Crown corporation faces staff backlash over McKinsey contract, spending decisions
Multimillion-dollar contracts awarded by the Business Development Bank of Canada (BDC) to consulting firm McKinsey, coupled with some unusual spending choices — including a decision to fly a private chauffeur to B.C. to drive the Crown corporation’s president around — are raising eyebrows within the BDC, sources say.
Current and former BDC employees say they’re alarmed at some of the expenses incurred by the BDC under the leadership of president Isabelle Hudon.
Hudon, Canada’s former ambassador to France, was appointed by Prime Minister Justin Trudeau’s government in 2021 to head the Crown corporation. The BDC provides loans, venture capital and advisory services to small and medium-sized businesses across Canada.
Hudon is bringing major changes to the organization. The BDC has adopted more ambitious long-term growth targets and is taking on a larger social media profile, even as employment turnover in upper management has spiked.
“It has been a shock to the organization,” said a source with a long record at the BDC.
All of the confidential sources who spoke to Radio-Canada for this report have worked under Hudon, although some have since left the BDC. They spoke on the condition of anonymity, either because they were not authorized to speak publicly on the matter or because they wanted to speak freely about their professional experiences.
Hudon did not agree to a request for an interview. CBC/Radio Canada asked a series of questions of the BDC, which provided written answers.
McKinsey’s ‘strategic review’
One of Hudon’s first decisions at the BDC was to hire a consulting company to carry out a major strategic review of the role and objectives of the Crown corporation over the next 10 years.
A source who was working at BDC at the time said Hudon wanted to “start from scratch.”
The BDC confirmed that Hudon, with the support of her board and management team, was behind the decision to hire an outside consultant — a decision that has caused a stir inside her organization.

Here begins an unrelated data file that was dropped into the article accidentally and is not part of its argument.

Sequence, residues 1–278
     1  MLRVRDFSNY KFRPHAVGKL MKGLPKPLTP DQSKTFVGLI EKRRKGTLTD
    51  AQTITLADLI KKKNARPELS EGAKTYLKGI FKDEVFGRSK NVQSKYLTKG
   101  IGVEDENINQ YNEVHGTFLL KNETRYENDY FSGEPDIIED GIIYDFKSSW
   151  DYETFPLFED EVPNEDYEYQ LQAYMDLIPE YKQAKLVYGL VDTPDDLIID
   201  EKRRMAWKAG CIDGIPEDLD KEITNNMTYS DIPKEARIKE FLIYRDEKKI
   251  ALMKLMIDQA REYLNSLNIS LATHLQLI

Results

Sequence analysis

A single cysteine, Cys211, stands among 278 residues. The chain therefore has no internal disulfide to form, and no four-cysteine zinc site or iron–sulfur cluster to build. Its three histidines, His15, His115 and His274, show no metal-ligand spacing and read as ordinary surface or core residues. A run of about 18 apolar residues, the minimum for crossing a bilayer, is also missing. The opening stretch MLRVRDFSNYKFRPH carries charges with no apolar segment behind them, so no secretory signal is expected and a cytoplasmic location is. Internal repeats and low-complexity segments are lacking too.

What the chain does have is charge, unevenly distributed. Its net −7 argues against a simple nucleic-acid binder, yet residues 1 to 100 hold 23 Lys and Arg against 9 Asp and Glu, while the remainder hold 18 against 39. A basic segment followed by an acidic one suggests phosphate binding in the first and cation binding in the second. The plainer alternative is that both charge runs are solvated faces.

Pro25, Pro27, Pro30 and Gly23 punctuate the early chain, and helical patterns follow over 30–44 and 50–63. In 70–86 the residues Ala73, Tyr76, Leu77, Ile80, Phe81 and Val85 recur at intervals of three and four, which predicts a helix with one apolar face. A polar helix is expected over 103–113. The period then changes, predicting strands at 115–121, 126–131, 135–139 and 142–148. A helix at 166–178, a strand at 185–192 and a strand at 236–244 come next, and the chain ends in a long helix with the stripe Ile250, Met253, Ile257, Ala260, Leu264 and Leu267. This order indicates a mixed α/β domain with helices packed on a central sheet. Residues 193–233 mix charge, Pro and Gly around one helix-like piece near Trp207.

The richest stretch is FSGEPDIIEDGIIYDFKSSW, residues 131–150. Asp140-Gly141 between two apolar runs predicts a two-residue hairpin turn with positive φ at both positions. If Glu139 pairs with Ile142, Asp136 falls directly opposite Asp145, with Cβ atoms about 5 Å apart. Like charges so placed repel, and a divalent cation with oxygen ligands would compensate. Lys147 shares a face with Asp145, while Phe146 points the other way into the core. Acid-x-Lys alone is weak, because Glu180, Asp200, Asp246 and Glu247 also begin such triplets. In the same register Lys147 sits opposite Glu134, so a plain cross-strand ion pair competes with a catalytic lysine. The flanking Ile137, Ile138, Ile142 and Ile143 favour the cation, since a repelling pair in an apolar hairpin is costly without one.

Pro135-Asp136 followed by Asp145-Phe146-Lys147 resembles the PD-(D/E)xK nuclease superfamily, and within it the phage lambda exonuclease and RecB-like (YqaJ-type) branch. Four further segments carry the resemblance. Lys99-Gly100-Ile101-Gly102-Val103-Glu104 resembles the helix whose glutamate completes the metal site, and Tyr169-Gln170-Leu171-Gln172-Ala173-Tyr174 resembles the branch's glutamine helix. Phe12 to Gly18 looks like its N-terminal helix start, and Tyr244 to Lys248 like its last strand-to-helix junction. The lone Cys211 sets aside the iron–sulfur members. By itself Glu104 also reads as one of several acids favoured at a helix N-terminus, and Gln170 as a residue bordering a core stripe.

“Any incoming CEO must, upon entering office, evaluate the current situation and define the road ahead for the corporation. Which, let’s be honest, will not necessarily please everyone involved,” said BDC spokesperson Phil Taylor.
The BDC invited five consulting firms to submit proposals. After a ranking process, the BDC picked McKinsey & Company, which had worked for the BDC already and has received a large number of lucrative federal contracts.
The BDC awarded a $2.8-million contract to McKinsey for the review in August, 2021. A $2.1 million extension in June, 2022 brought the total value of the contract to $4.9 million.
Sources with long ties to the BDC question the benefits of hiring McKinsey.
Several sources said the decision to hire McKinsey fuelled frustration among employees — because the BDC had carried out similar strategic exercises before Hudon’s arrival. One source said the decision also suggested a lack of confidence in the BDC’s internal expertise.
The sources added the external consultants required large amounts of information from BDC employees. They claimed McKinsey ended up making recommendations that will be hard to put into practice.
“It’s not realistic,” said a source.
McKinsey did not comment on its work on this file. It recently published a statement saying it won its federal contracts through competitive processes and the work represented only a small share of Ottawa’s overall spending on consulting services.
BDC is thinking bigger under its new strategic vision. Three times bigger, in fact.
According to a confidential document obtained by Radio-Canada, the BDC wants to roughly triple the size of its pool of entrepreneur clients — from 73,000 to 230,000 — in 10 years. It’s also looking to boost the value of its current portfolio from $38 billion to $95 billion.
To get there, the BDC is relying in large part on its work with McKinsey.
Among other things, the BDC says it wants to serve small and medium sized enterprises (SMEs) traditionally overlooked by the financial sector in Canada, including businesses run by women, visible minorities and Indigenous people.
The BDC also says it wants to help SMEs mobilize for “the great challenges of our time,” such as the fight against climate change.
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Treasury Board president open to House committee study of McKinsey contracts
“We’ll look at how these [McKinsey] contracts have been done and we’ll look at the recommendations,” Treasury Board President Mona Fortier said on Power & Politics Wednesday. “I think we have to be fair and look at what will come out of that exercise.”
The BDC is working on several projects to reach out to SME clients, including a possible effort to automate online loans for SMEs.
“What you are now seeing is an acceleration of ambitions in sectors that were already a priority for the BDC,” said Taylor.
Through access to information law, Radio-Canada obtained three presentations produced in connection with the McKinsey contracts. Most of the key information in all three documents was redacted. The documents contain BDC logos and are not identified as having been made by McKinsey.
BDC sources said they believe the objectives developed during the strategic review will have to be adjusted in response to economic trends that have deteriorated since McKinsey was hired in 2021.
Taylor said the strategic plan was approved by the BDC’s board of directors.